Teenage sex : a study of male and female teenager’s attitudes toward teen sex and teen pregnancy

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Authors
King, Emily
Issue Date
2009
Degree
BA (Hons) in Social Science
Publisher
Dublin Business School
Rights
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Abstract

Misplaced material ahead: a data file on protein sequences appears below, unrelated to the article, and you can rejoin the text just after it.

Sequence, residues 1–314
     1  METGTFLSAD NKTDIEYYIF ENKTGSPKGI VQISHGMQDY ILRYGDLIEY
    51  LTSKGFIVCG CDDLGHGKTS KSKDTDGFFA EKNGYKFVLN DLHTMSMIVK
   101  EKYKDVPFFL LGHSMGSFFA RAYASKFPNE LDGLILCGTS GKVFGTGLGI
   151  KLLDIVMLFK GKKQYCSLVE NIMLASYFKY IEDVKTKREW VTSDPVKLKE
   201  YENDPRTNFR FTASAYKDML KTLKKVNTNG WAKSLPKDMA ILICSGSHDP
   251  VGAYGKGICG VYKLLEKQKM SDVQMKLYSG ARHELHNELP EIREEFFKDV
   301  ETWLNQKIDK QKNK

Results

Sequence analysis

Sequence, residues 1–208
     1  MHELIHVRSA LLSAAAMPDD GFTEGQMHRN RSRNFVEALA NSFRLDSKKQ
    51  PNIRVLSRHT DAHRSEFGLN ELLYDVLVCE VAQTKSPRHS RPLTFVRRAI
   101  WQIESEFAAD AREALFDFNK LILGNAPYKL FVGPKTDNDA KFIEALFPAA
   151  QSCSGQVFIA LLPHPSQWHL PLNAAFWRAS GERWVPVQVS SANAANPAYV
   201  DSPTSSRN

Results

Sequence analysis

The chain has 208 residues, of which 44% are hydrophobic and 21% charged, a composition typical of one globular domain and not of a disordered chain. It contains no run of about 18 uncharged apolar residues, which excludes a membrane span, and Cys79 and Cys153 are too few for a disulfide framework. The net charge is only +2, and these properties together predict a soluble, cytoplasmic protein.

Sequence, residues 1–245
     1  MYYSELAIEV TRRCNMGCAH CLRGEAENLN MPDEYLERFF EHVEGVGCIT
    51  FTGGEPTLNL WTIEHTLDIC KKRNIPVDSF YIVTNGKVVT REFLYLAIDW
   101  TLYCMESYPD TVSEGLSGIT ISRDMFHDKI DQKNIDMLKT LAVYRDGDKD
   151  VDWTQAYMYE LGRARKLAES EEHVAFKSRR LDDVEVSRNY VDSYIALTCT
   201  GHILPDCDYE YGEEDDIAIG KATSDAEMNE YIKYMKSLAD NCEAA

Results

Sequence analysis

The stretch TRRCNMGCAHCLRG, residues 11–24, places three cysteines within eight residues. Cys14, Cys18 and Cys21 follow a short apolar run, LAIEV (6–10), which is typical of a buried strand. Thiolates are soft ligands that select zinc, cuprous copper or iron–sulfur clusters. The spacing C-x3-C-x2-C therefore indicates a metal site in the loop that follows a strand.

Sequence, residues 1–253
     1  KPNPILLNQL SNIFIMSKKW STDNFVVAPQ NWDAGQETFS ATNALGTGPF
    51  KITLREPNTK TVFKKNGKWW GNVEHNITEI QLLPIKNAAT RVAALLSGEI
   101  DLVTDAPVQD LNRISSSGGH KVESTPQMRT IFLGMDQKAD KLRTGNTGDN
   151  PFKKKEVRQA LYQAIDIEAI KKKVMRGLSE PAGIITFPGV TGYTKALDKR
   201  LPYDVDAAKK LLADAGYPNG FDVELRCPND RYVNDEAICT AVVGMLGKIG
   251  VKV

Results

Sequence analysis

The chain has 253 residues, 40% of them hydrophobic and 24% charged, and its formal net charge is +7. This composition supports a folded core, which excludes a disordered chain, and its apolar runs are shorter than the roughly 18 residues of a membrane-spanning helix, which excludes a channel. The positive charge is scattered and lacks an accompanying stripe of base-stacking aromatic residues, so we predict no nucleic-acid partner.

CONTEXT: The issue of teenage pregnancy continues to be a growing cause for concern in Ireland today. It is seen by many as both an increasing burden on society and a barrier to achieving education and employment goals. It is the aim of this research project to explore the attitudes of Irish male and female secondary school students toward teenage sex and teenage pregnancy. METHODS: A quantitative survey design was used. Data was collected from 47 female and 54 male school students aged 16 to 18 from four schools in three areas of Dublin to examine attitudes toward teenage sex and teenage pregnancy. 58.4% of participants were from a deprived area and 41.6% were from a non deprived area according to the HASSE Index of relative affluence and deprivation. RESULTS: 63.4% of participants agreed that teenage pregnancy is a problem. 57.4% agreed that pregnancy acts as a barrier to achieving education and employment goals. Attitudes toward teen sex and teen pregnancy according to one‟s socio-economic status indicated a Spearman‟s rho value of .148 which is not statistically significant. There were few differences in attitudes toward teen sex and teen pregnancy according to gender. CONCLUSION: Teenage sex and teenage pregnancy are seen as issues amongst Irish secondary school students in both a deprived and non-deprived area. There were no significant differences in attitude toward teen sex and teen pregnancy according to area. Furthermore, there were no significant differences in attitude to teen sex and teen pregnancy according to gender.